She should have been in the kindergarten playing with other kids, but she was out there barefoot in the scathing heat of the noon. Her clothes were ragged and her hair resembled spider-web tinted in the dusty smog of the traffic. Instead of doodling with the crayons, her tender hands held an over-sized aluminium plate that housed a few coins the people around me threw in as she walked by. As she stretched her arms out to beg, her drained lips were moving but I could bet that there was no sound she could make anymore. As she walked in towards me, I wanted to turn my blind eye towards her – as I do with all beggars – but I couldn’t. As I stared at her innocent face, a cold sea of thoughts rushed through my head. I should do something about this. The traffic signal in front of me showed around ten seconds to green as I took a glance.
She then came over to me, as I stared at her with indecision. But as she stood close and stretched her arms with her plate, I froze with a sudden chill through my nerves. I could smell a deep odour of alcohol through her. She was drunk! The little princess who hardly was five was made to drink liquor! My hands trembled and my heartbeats hastened. But as I continued to stare at her in horror and disbelief, she started walking off; perhaps even faster than she had come by. When I turned back to see where she was going, the bikers behind me were glowering at me with loud honks. The ten seconds were up and the signal was green. As the people behind me started shouting at me to give them way, I felt like I was woken up from one of my worst nightmares. Sadly, it wasn’t one. I started the engine in a scurry and took my bike on to the side. But as I stopped and looked around for the girl, I could only see a flood of vehicles rushing past me. I sighed hopelessly without a hint of what to do next, as the traffic cop motioned towards me.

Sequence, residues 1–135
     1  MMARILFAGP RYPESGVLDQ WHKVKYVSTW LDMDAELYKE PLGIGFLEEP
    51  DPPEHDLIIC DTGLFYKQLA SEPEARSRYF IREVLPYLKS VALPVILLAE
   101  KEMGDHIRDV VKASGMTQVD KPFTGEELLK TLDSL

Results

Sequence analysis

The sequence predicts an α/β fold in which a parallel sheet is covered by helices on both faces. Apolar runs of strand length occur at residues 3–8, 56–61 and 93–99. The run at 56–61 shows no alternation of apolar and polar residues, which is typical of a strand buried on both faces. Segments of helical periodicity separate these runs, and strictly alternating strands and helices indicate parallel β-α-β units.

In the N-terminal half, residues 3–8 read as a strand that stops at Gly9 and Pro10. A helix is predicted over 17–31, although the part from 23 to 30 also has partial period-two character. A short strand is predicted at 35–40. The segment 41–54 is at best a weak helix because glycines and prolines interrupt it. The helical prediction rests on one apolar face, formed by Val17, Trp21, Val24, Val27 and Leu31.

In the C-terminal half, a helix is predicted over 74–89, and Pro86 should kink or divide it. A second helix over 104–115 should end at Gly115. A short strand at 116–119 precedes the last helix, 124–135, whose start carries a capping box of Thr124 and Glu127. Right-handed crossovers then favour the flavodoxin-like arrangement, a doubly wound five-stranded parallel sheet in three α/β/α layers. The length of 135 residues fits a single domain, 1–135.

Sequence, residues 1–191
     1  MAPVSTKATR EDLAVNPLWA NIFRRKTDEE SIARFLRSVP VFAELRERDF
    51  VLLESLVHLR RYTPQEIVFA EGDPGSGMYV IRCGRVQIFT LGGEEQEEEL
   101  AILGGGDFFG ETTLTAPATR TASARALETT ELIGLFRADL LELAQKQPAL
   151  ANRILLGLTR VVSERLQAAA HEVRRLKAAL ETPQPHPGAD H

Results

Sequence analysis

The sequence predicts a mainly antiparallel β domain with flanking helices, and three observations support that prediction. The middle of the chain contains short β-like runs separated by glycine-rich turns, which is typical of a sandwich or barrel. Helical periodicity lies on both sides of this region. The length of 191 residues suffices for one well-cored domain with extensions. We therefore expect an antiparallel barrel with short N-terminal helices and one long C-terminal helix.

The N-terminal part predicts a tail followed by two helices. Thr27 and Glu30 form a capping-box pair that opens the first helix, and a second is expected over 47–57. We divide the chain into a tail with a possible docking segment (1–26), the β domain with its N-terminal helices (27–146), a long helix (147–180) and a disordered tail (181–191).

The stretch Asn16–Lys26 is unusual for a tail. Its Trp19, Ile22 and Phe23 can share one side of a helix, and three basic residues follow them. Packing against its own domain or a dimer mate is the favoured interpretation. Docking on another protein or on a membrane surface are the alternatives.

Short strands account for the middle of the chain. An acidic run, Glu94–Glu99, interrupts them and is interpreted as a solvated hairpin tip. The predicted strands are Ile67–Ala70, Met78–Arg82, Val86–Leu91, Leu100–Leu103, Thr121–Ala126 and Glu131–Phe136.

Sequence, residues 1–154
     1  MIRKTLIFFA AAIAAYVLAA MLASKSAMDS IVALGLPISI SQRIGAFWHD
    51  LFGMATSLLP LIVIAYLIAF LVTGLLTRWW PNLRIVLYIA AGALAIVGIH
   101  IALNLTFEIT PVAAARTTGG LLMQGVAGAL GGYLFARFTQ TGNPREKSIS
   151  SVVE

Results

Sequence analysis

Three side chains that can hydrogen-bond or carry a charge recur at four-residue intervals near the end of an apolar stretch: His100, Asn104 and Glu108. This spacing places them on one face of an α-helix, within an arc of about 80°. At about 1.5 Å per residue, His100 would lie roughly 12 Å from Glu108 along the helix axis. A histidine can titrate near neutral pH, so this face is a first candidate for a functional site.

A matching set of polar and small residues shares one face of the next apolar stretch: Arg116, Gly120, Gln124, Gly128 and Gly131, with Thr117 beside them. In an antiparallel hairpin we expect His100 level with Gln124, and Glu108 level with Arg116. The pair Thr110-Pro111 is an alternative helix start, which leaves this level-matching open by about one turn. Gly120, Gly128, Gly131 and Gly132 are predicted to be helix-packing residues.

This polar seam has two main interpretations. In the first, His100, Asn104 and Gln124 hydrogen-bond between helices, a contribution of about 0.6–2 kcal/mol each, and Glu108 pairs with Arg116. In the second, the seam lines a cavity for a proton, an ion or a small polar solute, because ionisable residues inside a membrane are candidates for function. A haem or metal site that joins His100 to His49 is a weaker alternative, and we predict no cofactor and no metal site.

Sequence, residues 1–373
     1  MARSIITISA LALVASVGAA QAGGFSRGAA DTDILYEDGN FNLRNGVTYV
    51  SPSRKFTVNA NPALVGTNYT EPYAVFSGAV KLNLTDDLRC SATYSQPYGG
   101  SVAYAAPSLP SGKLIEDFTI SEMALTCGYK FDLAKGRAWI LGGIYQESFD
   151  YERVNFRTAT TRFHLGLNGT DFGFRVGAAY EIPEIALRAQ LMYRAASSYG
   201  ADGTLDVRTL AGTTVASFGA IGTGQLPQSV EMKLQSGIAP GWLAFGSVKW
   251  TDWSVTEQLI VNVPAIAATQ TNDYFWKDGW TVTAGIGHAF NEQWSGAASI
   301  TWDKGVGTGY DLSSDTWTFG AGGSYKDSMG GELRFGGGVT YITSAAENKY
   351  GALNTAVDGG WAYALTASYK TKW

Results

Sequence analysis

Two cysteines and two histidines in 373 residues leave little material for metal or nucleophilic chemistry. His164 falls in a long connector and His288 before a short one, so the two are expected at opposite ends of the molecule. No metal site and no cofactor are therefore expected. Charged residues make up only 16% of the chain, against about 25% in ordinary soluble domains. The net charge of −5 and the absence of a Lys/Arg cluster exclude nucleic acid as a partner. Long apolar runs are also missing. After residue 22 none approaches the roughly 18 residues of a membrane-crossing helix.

“The beggar?” he asked me, as if he was closely observing all my moves in the past few minutes.
“Yes. She’s drunk! She is just a kid! And-” I was out of air to say all of what I wanted to, gaping at a prospect all of a sudden. He must do something. Call up his police friends and find her!
“Where are you from?” The traffic cop was unmoved, with the last question I expected him to ask.
“We should find her. I need your help!” I asked him again with a dying faith, wiping the sweat off my face.
“And you’ll be the traffic cop for the rest of the day?” he laughed, “Go find her! This happens every day!” he walked off as I stared at him with disbelief.
In the next twenty minutes, I looked around for her only to be ridiculed by my fair-weather friend called luck. As I gave up, I asked myself a question which I ask myself even now: Could I have saved her? If yes, why didn’t I?
Written as an entry to the Mango Chutney Anthology. You can send your entries too! Deadline: 15th June 2014.